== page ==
Opinion

The benefits of ecotourism

The benefits of ecotourism

Once again, Palawan has earned recognition from travelers. Readers of Travel+Leisure magazine ranked Palawan second among the world’s best 15 island destinations – an improvement from last year’s sixth place.

Earlier this year, Palawan’s El Nido together with Boracay were also named among the best beaches in Asia by TripAdvisor’s 2019 Traveler’s Choice Awards.

The accolades are well deserved. Palawan is home to two UNESCO World Heritage Sites: the Subterranean River National Park in Puerto Princesa and Tubbataha Reefs Natural Park in Sulu Sea. El Nido and Coron have world-class snorkeling and diving sites. Limestone formations that dot Palawan waters provide spectacular sceneries.

The challenge is to prevent the province from becoming a victim of its own success. Following the rehabilitation of Boracay Island, a similar effort is underway notably in El Nido, to clean up the beach, modernize the sewerage system and enforce coastal easement rules. Access to the top destinations in the province is being regulated, but there are lesser known destinations that also need to be protected from overdevelopment. Uncooperative local government officials must face sanctions.

Sustainability is always a challenge. This year’s second place ranking is down from Palawan’s top spot in the same magazine in 2013 and 2017. The slide may be due to the emergence of other attractive destinations, but the goal must always be to hold on to the top spot.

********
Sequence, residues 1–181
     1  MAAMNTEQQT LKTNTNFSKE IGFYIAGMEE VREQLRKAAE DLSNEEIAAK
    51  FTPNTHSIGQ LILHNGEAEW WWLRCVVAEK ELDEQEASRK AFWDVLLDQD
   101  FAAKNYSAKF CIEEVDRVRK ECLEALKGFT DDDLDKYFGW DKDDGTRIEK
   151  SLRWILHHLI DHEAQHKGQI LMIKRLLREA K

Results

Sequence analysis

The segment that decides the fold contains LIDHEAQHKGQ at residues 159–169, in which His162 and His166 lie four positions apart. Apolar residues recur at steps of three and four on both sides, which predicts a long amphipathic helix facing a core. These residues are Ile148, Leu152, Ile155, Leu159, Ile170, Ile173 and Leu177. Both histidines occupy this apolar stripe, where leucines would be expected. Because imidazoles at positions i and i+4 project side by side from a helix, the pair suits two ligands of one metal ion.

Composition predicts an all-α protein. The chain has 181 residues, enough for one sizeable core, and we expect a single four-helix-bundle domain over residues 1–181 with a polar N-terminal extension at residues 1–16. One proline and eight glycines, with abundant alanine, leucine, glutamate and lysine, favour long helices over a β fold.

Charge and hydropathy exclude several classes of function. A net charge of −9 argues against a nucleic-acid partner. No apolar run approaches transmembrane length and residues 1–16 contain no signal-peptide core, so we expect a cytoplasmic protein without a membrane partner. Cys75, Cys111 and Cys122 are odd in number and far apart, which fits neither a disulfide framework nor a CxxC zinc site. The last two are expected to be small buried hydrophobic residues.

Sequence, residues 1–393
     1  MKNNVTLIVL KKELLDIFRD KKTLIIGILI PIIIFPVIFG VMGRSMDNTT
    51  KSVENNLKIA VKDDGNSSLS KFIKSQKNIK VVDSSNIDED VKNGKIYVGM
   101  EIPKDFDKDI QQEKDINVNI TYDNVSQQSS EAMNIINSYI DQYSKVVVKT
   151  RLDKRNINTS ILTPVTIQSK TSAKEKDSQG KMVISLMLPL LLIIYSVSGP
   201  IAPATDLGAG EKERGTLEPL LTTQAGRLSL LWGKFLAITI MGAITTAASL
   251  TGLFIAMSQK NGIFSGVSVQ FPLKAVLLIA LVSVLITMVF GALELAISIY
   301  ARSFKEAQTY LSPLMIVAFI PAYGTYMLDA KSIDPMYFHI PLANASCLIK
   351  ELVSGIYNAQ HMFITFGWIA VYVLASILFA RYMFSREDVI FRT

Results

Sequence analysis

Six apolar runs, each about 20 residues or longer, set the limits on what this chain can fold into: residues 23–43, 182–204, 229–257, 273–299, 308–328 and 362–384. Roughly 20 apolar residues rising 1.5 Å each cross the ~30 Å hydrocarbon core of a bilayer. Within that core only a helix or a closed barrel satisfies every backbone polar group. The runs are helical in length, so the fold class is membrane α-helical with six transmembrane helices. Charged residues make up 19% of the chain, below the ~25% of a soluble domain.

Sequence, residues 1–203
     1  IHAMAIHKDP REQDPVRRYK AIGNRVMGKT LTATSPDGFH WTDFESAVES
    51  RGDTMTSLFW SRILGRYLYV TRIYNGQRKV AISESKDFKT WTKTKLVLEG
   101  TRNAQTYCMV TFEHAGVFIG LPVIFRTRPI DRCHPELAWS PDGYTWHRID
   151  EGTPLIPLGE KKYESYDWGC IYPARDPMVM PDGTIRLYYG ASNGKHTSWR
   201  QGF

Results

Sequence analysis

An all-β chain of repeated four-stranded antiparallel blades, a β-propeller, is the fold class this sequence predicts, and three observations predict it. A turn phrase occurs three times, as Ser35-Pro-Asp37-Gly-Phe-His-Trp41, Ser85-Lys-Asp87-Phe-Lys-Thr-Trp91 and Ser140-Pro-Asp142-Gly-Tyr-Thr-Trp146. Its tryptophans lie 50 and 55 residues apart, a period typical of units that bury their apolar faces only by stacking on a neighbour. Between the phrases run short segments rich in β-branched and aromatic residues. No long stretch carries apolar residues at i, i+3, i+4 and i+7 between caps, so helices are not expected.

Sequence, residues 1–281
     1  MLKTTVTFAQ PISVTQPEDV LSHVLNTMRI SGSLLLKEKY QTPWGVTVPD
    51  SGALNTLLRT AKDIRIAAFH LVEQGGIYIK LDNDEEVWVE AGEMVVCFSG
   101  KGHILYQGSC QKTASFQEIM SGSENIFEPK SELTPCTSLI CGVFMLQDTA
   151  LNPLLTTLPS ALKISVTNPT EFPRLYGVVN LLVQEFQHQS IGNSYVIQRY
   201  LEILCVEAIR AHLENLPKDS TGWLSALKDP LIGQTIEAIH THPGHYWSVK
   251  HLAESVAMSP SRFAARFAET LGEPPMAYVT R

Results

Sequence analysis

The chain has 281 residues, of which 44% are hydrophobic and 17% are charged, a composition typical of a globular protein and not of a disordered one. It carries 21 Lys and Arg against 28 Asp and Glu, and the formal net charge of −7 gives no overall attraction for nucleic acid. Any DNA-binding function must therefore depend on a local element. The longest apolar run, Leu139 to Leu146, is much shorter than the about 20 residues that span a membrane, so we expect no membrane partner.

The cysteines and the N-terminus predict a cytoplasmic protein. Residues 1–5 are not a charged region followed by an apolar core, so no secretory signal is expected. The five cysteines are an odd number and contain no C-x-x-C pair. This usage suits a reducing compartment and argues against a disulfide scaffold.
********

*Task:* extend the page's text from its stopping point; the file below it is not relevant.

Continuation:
Apart from protecting the environment, ecotourism should include promoting the welfare of indigenous communities. They should be given opportunities to participate in tourism programs and to reap the benefits of a highly profitable industry. Preserving their culture should be part of any tourism development program in the province.

Palawan residents are also custodians of rich biodiversity. With ecotourism as the lifeblood of the province, residents can understand that their livelihoods depend on protecting their natural blessings, from the extensive coral networks to the lush forests and mangrove areas. There are threatened wildlife that need nurturing, such as pangolins, the bear cat and hornbill. Those who are tempted to maximize commercial profits should realize that the long-term viability of their business depends on the health of the environment.